[[Nagarjuna]] ([[Bodhisattva]])*

Fourteenth Patriarch of the Chan School in India and founder of the emptiness (Madhyamaka) school of Mahayana Buddhism, he probably lived during the 2nd Century AD. He also is included in the Patriarchal lineage of other Buddhist school]]s.

“The Venerable One was from India. When the thirteenth Patriarch, in the course of his travelling and teaching, reached the part of India where Nagarjuna was cultivating, the Venerable Nagarjuna went out to greet him with these words: 'The deep mountains are so quiet and Solitary, the abode of Dragons (Naga) and pythons. How is it that you, who are so virtuous, have strayed so far to come here? What brings you here?' The Patriarch said, 'I am not Venerable. I have come to see you Worthy One.' Nagarjuna thought to himself, 'The thirteenth Patriarch is lying when he denies he is Venerable.' The Patriarch knew what he was thinking, and Nagarjuna regretted it, apologizing for being so stupid. The Patriarch immediately transmitted the Great mind-to-Mind Seal to him, and Nagarjuna and the five hundred who were Cultivating the way with him all received the complete precepts (Monk Precepts of Bhikshu and Bodhisattva Vows and Samaya).

“After obtaining the Dharma, the Venerable Nagarjuna travelled and taught. When he reached southern India, he found the people there preoccupied with the quest for rewards of heavenly Blessings and unaware of how to seek the Buddha Dharma. The Patriarch told them the meaning of the Buddha Nature, and how their own natures were endowed with limitless meritorious qualities and blessed rewards. When the Multitudes heard that Dharma, they all stopped seeking blessings and turned away from the small (Hinayana) to go towards the Great (Mahayana Sutrayana and Mahayana Vajrayana).

Right where he was sitting, the Patriarch made his body look like the orb of the full moon. The fifteenth Patriarch-to-be, Kanadeva, was in the crowd and remarked, 'The Venerable One is showing us the substance and characteristics of the Buddha Nature.' Nagarjuna thereupon transmitted the Dharma to Kanadeva and entered the moon's Orb Samadhi, extensively displaying spiritual transformations. Immediately afterwards, he entered Cessation (Nirodha).

“His eulogy reads:

The Buddha Nature in its meaning

Neither exists nor non-exists.

He made appear Samadhi's Orb,

A coral moon on high

An elder brother in the household]],

He fell not to biases;

Eyebrows both raised and lowered,

From one mallet dual sounds. . . .”


  1. 100 (Sept. 1978), p 2)

The philosophical underpinnings of Nagarjuna's teachings have been summarized as follows:

Bodhisattva Nagarjuna

”. . . a synthetic Survey (Samksepa) of Nagarjunas's chief religious and philosophical persuasions.

“The best starting point for such an exposition is the theory of Two Truths (Satyadvaya): a relative Truth]] or Conventional Truth (Samvriti Satya) that serves as the means for obtaining the absolute or Ultimate Truth (Paramartha Satya).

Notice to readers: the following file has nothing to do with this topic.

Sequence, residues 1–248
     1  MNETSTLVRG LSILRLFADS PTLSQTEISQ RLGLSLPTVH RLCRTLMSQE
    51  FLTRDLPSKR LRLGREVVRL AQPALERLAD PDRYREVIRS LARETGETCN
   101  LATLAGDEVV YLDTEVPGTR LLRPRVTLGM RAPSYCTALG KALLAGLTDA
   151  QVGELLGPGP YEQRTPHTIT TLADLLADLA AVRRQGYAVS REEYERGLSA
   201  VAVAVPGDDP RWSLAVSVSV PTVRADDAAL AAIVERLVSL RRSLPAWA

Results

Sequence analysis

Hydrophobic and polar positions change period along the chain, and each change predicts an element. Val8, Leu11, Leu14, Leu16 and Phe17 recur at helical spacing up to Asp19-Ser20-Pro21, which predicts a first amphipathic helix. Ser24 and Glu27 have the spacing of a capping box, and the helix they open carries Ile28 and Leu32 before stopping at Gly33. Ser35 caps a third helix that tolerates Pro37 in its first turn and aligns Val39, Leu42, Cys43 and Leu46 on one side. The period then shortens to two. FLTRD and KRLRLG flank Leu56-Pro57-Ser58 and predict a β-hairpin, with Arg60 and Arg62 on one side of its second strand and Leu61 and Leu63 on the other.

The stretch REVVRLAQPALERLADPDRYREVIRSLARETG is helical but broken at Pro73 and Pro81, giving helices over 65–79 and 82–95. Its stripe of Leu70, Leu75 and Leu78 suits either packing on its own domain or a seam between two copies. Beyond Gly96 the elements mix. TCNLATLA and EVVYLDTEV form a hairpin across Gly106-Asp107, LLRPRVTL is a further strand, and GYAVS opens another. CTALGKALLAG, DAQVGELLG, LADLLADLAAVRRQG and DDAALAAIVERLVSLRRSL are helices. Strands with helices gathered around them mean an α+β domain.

“The ultimate goal of all endeavors is the highest good of oneself and of others: abolition of rebirth, or Nirvana [i.e., enlightenment. It implies the attainment of Buddhahood, or a twofold body (Kayadvaya). This may be considered from four perspectives:

Ontologically: All phenomena (Dharma) are empty (Shunya) since they lack own-being (Svabhava), inasmuch as empirically and logically they only occur in mutual dependence (pratityaSamutpanna).

Epistemological Truth

epistemologically (epistemology

The ultimate Truth (tattva) is the object of a cognition without an object (Advaya Jnana), and thus only an object metaphorically speaking (Upadaya Prajnapti).

Psychological Truth

Psychologically: It is the abolition of all the passions (klesha), primarily desire-lust (raga), anger-hatred (dvesha) and stupidity-ignorance-delusion (moha).

Ethical Truth

Ethically: It implies freedom from the bonds of karma but subjection to the altruistic imperatives of compassion (Karuna).

“The conventional Buddhist means (Samvyavahara) devised for the fulfillment of this objective may be classified variously, but fit most briefly and comprehensively under the heading of the Two Accumulations (Two Collections for enlightenment (Bodhi Sambhara):

Accumulation or Collection of Merit

Accumulation (Sambhara) of Merit (Punya Sambhara).

This comprises four perfections]] (Paramita): Liberality (Dana - First Paramita) and good morals (Shila - Second Paramita), which are mainly to benefit others, and patience (Kshanti - Third Paramita) and energy (Virya - Fourth Paramita), which are for one's own good. Their practice presupposes faith (shraddha) in the 'law' of [[karma and results in the attainment of the physical body (Rupa Kaya) of a Buddha. Along with the pursuit of meditation (Dhyana Shamatha calm abiding mindfulness meditation), the fifth Paramita, this constitutes temporal happiness (abhyudaya).

Accumulation or Collection of Wisdom

Accumulation of Wisdom (Jnana Sambhara). This consists in blissful meditation (Dhyana) surpassed by insight into the emptiness (Shunyata) of all phenomena (Dharmas), or wisdom realizing emptiness (Prajna Paramita) conjoined with bliss (see Wisdom-Blisss). This is the non plus ultra or ultimate good (highest good or naihsreyasa) of all living beings. It amounts to the attainment of a 'spiritual body' (Dharma Kaya).

“In other words, direct realization of emptiness (beyond words and experience) and display of acts of compassion are – to the chosen few – the two means of realizing enlightenment.”

(Lindtner, Chr. Master of Wisdom: Writings of the Buddhist Master Nagarjuna (Dharma Press, 1986, pp. xx-xxi).

1) Chinese: Long Shu , 2) Sanskrit: Nagarjuna.

See Also: emptiness, Bodhisattva, Madhyamika, Nalanda, Second Conqueror.*

BTTS References: FAS Ch1 (VBS).

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